Attorney General William Barr (Whitaker’s successor) then issued a decision on July 29, 2019.26 In the decision, he overruled the portion of the BIA’s decision recognizing the respondent’s family as a particular social group and affirmed the remainder of the opinion.27 Before reaching the merits, the Attorney General addressed “several threshold arguments” about his authority to review the case.28 First, he concluded that his office could certify the matter for review — even though the BIA had remanded the case to the immigration judge for further proceedings — because “[n]othing in the INA or the implementing regulations” prevented him from doing so.29 Attorney General Barr also rejected the argument that his prior statements on asylum would “prevent [him] from acting as an unbiased adjudicator,” because his statements did not concern the facts of the case and he had no “personal interest” in the proceedings’ outcome.30 Finally, the Attorney General rejected the argument that the immigration judge never had jurisdiction because the original notice to appear had not included the time or place of the hearing as required by the INA and 8 C.F.R. § 1003.15.31 In dismissing this argument, he cited a recent BIA decision holding that “similar notices are adequate to establish jurisdiction, so long as subsequent notices provide that information.”32
Following his finding that he had authority to review the case, the Attorney General went on to address the extensive precedent from the BIA and courts of appeals recognizing family as a particular social group.33 He argued that such holdings relied on outdated dicta or failed to apply the recently revised social group framework from Matter of M-E-V-G-34 and Matter of W-G-R-,35 which required that a group be “(1) composed of members who share a common immutable characteristic; (2) defined with particularity; and (3) socially distinct within the society in question.”36 Alternatively, he argued, some courts may have been willing to accept the recognition of family as a particular social group because they ultimately denied asylum on other grounds, so those conclusions should not be given much weight.37 Additionally, to the extent that any court of appeals decision could be interpreted as adopting a categorical rule regarding nuclear families, the Attorney General wrote that he believed “such a holding [would be] inconsistent with both the asylum laws and the long-standing precedents of the Board,” which have emphasized that a “particular social group” finding must involve a fact-specific inquiry.38 He concluded the section on precedent by arguing that the Attorney General has primary responsibility for construing and applying immigration law provisions and that his interpretation of “particular social group” should be given deference under Chevron39 and other Supreme Court precedent.40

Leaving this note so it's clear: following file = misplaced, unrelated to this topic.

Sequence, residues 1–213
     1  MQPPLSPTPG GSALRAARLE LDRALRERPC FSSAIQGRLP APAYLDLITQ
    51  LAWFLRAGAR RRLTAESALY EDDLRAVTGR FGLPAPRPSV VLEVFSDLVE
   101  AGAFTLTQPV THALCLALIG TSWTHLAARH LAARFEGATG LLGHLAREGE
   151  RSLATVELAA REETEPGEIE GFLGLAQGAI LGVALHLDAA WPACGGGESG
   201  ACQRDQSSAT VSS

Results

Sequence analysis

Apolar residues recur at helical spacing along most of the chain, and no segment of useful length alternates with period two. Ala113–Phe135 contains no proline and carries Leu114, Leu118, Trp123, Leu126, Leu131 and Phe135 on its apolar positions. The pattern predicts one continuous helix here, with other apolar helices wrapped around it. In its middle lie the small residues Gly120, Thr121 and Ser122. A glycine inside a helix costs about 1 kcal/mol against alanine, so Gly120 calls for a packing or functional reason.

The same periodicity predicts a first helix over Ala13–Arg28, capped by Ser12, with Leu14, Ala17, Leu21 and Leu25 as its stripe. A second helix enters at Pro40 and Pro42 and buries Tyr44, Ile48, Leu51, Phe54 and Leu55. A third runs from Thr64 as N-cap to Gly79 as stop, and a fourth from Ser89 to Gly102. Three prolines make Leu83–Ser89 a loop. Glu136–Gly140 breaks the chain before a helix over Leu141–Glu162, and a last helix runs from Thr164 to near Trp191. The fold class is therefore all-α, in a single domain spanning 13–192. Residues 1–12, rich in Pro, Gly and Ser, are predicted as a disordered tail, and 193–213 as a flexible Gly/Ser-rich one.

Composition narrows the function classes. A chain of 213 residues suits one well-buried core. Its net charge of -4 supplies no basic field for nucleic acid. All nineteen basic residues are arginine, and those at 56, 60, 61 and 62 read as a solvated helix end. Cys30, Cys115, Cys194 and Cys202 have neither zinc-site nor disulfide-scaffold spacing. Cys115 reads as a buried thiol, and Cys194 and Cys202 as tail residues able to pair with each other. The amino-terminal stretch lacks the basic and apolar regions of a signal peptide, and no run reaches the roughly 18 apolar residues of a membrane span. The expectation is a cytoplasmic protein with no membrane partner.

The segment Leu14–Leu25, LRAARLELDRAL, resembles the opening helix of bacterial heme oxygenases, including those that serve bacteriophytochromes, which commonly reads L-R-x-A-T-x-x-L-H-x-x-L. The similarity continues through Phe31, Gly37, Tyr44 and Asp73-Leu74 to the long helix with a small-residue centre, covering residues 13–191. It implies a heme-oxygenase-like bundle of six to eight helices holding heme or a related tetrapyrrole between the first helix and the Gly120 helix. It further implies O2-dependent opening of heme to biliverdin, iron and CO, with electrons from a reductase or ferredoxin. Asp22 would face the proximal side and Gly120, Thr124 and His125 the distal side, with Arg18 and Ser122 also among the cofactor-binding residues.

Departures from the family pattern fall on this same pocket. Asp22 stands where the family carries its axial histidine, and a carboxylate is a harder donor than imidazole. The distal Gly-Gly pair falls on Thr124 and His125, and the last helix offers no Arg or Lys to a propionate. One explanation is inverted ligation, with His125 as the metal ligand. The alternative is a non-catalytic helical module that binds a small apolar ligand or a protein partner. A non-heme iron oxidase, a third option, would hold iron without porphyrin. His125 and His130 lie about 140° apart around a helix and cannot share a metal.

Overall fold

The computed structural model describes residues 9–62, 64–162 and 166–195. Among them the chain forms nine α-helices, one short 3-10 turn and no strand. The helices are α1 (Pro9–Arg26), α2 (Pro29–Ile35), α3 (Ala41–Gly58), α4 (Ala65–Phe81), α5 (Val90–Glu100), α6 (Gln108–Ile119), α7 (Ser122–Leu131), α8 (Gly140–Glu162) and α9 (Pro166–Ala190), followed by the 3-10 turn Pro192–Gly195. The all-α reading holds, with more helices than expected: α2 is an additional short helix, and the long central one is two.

The Attorney General then provided his own interpretation of the term “particular social group” as it applies to family.41 He argued that both the absence of “family ties” in the refugee definition and the fact that “almost every alien is a member of a family of some kind” weighed against the recognition of nuclear family as a particular social group.42 He found no evidence that Congress intended the term to “cast so wide a net.”43 Applying the three-part test of immutability, particularity, and social distinction, he wrote that, though many family relationships will be immutable, some may be too vague or amorphous to meet the particularity requirement, and many will have trouble qualifying as socially distinct.44 On this third concept, he noted that evidence that “nuclear families” generally have societal importance “says nothing about whether a specific nuclear family would be ‘recognizable by society at large,’” adding that the “average family . . . is unlikely to be so recognized.”45